For most people, the most easily identifiable Bengali saree would be the typical white saree with a large red border. Made of light materials like cotton or silk, they come with a large and prominent red border, which is best displayed with the unique drape from this region. In this drape, the saree is wrapped around the waist, parallel pleated and tucked in the front. The loose end (pallu) is then neatly pleated and thrown over one shoulder and brought back under the arm on the other side and then draped over the other shoulder, typically with a heavy saree brooch or ornament hanging at the end to keep it in place. The best part about wearing a Bengali saree this way is that it does not need to look ‘perfect’ as a little bit of imperfection in the pleats, draping etc. suits the look. The outfit is completed either with a long sleeved blouse or one with puff sleeves, as well as gold bangles, necklaces and earrings. A large red bindi and bold black eye makeup is an essential aspect of the look. The hair can either be left loose in structured waves or curls or, more traditionally, tied back in a bun. This type of look is most often seen at festivals and religious ceremonies.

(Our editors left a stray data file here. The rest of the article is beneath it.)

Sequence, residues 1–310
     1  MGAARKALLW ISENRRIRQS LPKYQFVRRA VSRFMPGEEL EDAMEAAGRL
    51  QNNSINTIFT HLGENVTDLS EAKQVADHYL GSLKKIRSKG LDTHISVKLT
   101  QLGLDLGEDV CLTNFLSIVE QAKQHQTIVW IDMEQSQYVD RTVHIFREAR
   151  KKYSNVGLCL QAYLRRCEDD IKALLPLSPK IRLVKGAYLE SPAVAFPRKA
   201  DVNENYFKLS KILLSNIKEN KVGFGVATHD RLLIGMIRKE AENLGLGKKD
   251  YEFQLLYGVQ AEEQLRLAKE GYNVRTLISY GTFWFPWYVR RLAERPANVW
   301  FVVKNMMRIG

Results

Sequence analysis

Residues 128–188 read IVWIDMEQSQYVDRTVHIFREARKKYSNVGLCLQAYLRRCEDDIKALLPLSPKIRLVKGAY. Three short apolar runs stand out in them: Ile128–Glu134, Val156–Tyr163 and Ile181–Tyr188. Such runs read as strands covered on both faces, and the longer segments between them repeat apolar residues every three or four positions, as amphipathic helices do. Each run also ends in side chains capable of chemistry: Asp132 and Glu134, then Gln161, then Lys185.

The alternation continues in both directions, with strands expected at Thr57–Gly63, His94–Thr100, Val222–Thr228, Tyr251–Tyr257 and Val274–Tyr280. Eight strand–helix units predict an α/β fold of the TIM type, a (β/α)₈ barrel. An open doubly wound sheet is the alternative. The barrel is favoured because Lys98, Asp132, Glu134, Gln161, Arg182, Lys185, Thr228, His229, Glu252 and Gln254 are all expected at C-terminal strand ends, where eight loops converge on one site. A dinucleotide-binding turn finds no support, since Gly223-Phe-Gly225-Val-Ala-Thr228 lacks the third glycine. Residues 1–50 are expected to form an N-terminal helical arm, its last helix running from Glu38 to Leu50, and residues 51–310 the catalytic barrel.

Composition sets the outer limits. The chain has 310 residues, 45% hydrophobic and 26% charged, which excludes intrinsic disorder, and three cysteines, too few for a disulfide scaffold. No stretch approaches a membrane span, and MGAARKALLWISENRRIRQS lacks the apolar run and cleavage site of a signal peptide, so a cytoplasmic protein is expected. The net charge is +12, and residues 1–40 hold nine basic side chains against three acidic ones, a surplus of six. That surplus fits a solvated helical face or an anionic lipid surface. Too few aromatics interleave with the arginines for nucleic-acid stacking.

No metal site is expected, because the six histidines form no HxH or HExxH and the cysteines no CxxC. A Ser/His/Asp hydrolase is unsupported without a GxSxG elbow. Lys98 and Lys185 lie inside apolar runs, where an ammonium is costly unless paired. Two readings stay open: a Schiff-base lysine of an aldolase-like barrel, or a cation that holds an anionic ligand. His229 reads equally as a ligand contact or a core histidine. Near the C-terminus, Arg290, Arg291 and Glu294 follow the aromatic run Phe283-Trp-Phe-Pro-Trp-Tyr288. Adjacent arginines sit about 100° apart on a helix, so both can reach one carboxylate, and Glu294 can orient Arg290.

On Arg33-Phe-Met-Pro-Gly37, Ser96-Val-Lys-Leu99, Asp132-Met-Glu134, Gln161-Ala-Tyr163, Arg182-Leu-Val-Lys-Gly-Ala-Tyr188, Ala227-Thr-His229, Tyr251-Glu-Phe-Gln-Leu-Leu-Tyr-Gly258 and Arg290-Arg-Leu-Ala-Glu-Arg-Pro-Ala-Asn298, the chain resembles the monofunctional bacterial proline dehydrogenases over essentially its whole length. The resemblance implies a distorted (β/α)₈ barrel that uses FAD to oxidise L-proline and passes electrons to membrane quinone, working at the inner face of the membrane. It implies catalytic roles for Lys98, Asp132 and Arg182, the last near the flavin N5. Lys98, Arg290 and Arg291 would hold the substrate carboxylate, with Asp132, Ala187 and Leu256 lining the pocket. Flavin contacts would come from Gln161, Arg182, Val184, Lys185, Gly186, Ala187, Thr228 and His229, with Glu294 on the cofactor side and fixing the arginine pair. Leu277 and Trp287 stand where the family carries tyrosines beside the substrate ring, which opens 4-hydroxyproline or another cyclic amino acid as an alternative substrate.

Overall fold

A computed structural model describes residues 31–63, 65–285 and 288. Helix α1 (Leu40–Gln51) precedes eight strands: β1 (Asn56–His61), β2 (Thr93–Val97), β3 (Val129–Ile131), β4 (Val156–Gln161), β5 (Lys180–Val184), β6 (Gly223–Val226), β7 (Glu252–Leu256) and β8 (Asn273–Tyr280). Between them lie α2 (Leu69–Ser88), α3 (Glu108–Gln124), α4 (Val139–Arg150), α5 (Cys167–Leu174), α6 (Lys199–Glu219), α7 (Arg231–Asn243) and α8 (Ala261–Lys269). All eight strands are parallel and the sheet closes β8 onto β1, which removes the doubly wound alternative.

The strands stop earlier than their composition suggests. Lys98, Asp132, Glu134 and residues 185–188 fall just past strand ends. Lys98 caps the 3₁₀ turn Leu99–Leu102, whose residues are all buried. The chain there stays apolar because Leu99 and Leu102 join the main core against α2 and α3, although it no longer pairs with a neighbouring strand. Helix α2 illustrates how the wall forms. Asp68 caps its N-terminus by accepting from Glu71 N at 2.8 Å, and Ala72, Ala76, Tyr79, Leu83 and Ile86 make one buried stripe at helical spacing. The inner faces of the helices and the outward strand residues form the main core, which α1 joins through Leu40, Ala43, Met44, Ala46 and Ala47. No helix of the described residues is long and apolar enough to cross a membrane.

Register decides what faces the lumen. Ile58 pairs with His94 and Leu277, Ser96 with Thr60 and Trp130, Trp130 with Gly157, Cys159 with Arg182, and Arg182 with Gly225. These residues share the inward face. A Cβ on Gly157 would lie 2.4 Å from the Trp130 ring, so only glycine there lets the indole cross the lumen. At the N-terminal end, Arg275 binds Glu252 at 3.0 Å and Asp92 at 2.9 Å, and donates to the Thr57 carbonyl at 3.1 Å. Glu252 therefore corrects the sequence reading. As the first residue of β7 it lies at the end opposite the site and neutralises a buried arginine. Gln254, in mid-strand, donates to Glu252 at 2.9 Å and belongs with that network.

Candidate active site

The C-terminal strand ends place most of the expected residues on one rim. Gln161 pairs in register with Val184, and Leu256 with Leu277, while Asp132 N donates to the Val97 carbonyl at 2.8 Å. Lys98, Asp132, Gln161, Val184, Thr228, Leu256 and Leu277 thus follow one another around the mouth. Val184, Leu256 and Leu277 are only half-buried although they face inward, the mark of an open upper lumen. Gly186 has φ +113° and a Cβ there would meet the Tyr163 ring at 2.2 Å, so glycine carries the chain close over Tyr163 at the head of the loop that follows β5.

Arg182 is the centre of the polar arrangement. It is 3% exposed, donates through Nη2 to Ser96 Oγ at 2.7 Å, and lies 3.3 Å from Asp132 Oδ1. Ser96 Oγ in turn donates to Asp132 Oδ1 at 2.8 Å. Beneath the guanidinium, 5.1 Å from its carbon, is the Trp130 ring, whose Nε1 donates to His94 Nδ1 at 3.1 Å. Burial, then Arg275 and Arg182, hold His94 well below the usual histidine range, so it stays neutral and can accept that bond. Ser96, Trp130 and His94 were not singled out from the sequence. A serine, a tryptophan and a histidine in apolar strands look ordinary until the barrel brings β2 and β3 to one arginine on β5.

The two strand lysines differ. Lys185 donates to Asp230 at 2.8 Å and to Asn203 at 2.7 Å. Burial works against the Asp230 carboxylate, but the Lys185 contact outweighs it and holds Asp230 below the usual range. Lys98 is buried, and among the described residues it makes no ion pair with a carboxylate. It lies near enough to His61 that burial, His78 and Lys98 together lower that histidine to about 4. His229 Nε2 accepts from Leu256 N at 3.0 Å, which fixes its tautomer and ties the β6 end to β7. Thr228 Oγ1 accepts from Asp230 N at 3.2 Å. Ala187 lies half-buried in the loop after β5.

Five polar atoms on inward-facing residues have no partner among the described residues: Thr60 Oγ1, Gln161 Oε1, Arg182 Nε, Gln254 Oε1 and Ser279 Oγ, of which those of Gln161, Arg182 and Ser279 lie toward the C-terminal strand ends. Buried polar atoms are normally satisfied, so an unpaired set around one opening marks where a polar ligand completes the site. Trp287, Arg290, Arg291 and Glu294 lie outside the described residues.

However, Bengali women of today have more varied preferences, in terms of the drapes, styling and the garments themselves. Bengali saree designs tend to be quite artistic and beautiful, whether it is a classic Tant saree or a fine-looking Jamdani. For instance, Baluchari sarees are known for their stunning pallus decorated with detailed motifs and depictions of mythological figures and rural life. Many of these traditional Bengali saree designs have been adapted into contemporary style artsy sarees, popular amongst the literati and artists. Comfortable, cool and stylish, they can be draped in the commonly seen free flowing style to show off the pallu and don’t necessarily require heavy gold accessories. In fact, funky oxidized or wooden jewelry works better with these modern garments.